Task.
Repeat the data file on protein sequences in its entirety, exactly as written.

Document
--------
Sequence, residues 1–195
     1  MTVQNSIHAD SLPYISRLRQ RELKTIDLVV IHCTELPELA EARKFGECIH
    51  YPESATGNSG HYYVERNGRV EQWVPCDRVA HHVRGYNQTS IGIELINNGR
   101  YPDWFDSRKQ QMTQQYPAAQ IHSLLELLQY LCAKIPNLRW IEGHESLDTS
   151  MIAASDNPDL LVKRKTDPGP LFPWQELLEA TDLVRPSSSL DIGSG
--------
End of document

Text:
Sequence, residues 1–195
     1  MTVQNSIHAD SLPYISRLRQ RELKTIDLVV IHCTELPELA EARKFGECIH
    51  YPESATGNSG HYYVERNGRV EQWVPCDRVA HHVRGYNQTS IGIELINNGR
   101  YPDWFDSRKQ QMTQQYPAAQ IHSLLELLQY LCAKIPNLRW IEGHESLDTS
   151  MIAASDNPDL LVKRKTDPGP LFPWQELLEA TDLVRPSSSL DIGSG